Over the last 6 months, I have laid out my ideas about how to define/describe the concept of curriculum. Hopefully it's been at least somewhat practical. Here are a few summary points I'd like to make before moving on to the next part of the Foundation Series, again in no particular order:
  1. Curriculum IS NOT just textbooks!
  2. Curriculum is not a single "thing." No matter how you frame it, it's important to look at it from several angles because in practice, it's complicated.
  3. Curriculum is what students are supposed to learn, what they get the opportunity to learn, what gets assessed, and what is actually learned.
  4. Ultimately, it's all about the learned curriculum. The other three areas need to be coordinated to facilitate and enhance student learning.
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Next, I'll be turning my attention to the next part of the curriculum alignment world, namely alignment. I love alignment! Make sure to tune in next month, when I start with the question "What is Alignment?" In the following months, I will be taking on the alignment topics of Directionality, Dimensions, and Level of Analysis before I pull it all back together.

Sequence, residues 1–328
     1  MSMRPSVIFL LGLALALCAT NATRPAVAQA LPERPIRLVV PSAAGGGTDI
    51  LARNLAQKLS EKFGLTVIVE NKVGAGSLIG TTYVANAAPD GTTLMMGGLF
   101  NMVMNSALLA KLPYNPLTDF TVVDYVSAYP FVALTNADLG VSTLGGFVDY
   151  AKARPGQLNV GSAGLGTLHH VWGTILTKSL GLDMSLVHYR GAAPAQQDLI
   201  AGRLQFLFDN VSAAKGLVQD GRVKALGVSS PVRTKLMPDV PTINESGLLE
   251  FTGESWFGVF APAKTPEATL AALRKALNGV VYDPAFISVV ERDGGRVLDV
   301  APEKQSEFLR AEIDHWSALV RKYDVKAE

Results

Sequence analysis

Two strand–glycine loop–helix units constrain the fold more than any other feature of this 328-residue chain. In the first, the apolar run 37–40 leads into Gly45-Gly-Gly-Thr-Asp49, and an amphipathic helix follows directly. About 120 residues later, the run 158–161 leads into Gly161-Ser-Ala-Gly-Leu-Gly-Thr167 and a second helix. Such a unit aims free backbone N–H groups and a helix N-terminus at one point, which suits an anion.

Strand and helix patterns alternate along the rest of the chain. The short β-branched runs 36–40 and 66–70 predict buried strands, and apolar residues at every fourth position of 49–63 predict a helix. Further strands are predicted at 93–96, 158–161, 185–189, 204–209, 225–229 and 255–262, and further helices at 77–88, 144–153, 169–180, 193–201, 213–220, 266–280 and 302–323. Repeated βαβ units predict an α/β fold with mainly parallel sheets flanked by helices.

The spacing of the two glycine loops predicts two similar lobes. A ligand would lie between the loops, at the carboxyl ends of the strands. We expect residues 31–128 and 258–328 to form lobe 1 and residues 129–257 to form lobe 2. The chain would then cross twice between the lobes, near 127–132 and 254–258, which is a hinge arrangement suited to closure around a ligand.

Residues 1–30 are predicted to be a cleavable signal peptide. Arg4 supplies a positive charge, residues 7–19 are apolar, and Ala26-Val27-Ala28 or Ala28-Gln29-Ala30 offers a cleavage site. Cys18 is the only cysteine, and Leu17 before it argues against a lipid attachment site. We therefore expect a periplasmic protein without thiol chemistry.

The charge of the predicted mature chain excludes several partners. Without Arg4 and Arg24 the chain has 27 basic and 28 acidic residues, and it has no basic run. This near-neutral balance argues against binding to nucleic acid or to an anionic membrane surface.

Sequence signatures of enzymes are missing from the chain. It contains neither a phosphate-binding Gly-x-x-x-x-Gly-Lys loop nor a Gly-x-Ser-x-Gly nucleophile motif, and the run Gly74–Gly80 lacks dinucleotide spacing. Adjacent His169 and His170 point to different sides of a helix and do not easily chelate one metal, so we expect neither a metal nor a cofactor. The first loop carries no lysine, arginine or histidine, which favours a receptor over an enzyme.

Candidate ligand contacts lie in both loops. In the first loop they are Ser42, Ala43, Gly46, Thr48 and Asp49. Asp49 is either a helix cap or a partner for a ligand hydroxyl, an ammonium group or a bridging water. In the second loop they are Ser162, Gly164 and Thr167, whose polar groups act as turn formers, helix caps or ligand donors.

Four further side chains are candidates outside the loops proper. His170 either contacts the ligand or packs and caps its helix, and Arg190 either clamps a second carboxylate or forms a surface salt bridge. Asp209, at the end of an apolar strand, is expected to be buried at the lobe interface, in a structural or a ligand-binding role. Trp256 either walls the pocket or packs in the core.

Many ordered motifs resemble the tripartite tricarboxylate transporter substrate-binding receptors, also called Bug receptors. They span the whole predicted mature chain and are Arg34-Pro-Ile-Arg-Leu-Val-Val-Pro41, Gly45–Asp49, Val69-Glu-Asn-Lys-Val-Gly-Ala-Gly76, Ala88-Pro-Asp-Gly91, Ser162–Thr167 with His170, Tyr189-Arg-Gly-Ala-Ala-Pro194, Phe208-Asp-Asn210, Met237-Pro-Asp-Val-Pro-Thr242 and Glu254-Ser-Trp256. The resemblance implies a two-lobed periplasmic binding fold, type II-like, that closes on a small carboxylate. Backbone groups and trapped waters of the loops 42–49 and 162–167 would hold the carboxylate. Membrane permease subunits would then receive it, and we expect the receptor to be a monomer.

Not sure what those things are or why you should care about them? Then check back in next month! And keep checking back to this blog, and follow me on Twitter. Soon I will be posting a blog on the curriculum alignment implications of Iowa Governor Branstad's education legislative recommendations, and I might even chime in on the hot topic of 3rd grade retention. Sparks are flying! Thanks for taking the time to read my blog, and definitely post your thoughts or reflections in the comment section below. Tell your friends!